I'm looking at the original source code for Identicons. There's a bit of code that does some bit twiddling to extract red, green and blue components:
int blue = (code >> 16) & 0x01f; int green = (code >> 21) & 0x01f; int red = (code >> 27) & 0x01f;
The code variable is a 32 bit integer.
My question is this: What's the difference between the number 0x01 and 0x01f?
I'm assuming the f means the value is a float, but why make it a float? Is it that the float representation in binary is different to the integer representation? Wouldn't that cause issues for portability reasons when porting if a particular language doesn't use the same representation?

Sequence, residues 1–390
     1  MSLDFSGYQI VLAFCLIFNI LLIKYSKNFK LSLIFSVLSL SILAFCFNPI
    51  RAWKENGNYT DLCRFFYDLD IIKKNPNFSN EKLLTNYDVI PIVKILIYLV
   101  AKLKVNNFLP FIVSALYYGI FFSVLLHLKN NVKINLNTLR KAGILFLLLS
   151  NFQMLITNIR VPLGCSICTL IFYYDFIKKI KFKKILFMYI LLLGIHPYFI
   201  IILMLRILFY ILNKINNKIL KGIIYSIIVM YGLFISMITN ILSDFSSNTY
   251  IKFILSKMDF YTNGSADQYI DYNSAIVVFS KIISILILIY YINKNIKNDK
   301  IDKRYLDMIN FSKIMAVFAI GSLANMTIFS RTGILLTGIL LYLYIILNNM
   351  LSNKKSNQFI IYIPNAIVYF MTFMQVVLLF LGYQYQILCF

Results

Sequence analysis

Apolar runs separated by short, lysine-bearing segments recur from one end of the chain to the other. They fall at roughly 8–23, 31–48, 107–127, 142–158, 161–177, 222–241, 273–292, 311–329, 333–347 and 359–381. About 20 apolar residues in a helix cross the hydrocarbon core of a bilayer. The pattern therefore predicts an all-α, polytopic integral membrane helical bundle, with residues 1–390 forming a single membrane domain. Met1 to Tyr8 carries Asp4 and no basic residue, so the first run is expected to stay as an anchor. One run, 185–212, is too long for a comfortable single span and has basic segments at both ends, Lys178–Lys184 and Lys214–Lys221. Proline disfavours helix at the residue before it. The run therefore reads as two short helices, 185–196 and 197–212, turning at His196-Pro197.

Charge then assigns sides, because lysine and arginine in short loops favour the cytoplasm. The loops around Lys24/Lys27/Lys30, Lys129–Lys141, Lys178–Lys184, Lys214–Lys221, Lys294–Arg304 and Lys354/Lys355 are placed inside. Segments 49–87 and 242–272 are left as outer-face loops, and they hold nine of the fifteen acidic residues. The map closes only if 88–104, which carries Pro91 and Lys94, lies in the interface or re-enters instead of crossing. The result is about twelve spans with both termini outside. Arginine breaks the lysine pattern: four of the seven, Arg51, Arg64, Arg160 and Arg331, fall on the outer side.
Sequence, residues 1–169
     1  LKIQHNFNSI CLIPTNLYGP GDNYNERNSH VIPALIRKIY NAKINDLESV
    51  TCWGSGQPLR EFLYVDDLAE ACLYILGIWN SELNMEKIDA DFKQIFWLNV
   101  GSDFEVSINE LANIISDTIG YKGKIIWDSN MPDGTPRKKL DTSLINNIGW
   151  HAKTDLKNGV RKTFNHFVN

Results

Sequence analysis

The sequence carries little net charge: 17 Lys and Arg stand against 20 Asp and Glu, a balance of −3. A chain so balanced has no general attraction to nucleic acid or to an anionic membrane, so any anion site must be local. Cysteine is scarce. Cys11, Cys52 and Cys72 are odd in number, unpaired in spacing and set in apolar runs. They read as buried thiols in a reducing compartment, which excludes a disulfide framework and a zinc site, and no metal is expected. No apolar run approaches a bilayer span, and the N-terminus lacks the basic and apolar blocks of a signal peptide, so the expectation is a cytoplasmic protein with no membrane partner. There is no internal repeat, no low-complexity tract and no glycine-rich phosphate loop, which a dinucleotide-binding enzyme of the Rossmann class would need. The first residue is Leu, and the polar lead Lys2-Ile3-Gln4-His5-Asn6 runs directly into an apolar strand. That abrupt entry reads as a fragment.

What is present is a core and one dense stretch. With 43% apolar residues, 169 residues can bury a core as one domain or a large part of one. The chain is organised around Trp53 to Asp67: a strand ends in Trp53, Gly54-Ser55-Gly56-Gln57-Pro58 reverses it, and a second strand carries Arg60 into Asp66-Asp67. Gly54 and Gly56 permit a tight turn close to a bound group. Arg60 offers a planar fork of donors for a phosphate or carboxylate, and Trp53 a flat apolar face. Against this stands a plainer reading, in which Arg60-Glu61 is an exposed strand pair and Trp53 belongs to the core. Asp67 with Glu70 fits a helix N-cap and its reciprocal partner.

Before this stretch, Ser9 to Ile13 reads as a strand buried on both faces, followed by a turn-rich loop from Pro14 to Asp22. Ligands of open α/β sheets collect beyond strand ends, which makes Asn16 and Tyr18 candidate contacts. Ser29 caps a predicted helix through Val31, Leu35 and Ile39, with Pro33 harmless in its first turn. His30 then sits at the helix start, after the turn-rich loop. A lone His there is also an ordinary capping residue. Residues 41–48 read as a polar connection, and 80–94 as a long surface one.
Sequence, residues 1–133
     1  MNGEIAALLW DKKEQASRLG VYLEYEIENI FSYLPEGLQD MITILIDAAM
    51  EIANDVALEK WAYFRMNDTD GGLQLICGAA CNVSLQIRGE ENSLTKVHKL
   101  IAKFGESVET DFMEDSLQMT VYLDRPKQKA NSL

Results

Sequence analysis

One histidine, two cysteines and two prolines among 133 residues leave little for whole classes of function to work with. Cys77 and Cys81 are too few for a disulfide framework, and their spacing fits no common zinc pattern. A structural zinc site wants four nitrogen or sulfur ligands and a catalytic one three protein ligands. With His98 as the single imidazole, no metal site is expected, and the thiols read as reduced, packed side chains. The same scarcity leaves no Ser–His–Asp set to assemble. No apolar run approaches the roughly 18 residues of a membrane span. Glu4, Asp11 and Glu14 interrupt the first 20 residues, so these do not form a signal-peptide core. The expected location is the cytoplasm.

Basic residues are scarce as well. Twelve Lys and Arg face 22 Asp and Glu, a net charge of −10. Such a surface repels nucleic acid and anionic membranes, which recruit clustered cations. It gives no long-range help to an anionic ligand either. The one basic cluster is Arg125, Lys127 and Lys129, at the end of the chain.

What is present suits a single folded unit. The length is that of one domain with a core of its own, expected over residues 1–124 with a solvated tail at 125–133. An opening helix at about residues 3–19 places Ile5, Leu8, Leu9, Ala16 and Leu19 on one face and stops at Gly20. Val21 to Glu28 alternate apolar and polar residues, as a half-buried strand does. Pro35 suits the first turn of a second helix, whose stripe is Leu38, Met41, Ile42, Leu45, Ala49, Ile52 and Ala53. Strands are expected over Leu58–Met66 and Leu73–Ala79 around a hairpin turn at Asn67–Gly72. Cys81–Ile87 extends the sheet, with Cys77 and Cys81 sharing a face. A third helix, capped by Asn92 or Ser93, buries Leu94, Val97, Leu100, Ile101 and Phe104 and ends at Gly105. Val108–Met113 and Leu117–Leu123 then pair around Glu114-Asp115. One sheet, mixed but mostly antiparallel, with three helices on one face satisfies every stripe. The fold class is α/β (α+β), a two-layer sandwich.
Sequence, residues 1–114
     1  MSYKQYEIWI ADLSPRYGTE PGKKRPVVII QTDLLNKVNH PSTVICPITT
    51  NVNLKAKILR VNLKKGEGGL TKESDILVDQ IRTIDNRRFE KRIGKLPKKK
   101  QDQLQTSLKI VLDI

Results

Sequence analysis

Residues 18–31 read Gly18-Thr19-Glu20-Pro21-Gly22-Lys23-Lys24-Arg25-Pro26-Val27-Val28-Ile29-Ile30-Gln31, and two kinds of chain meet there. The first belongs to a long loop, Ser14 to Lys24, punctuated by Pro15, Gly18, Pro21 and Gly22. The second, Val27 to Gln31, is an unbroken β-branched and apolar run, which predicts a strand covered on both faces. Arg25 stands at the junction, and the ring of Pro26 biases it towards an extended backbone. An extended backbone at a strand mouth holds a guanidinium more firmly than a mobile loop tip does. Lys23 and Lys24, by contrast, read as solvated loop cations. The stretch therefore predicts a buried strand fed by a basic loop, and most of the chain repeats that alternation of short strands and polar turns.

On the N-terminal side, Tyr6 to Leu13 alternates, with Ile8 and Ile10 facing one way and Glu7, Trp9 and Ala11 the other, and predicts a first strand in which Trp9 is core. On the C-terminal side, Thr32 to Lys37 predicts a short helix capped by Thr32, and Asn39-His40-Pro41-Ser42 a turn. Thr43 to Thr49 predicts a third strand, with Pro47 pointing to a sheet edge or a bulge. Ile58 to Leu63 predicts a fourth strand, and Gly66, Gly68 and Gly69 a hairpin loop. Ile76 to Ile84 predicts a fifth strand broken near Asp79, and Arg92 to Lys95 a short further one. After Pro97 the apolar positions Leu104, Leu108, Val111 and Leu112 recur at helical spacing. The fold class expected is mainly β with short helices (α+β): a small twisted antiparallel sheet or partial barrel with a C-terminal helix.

Also, I'm probably reading this wrong on account of not understanding the 0x01f issue, but isn't this just setting the red, green and blue representations to either 0 or 1, depending on the least significant bit?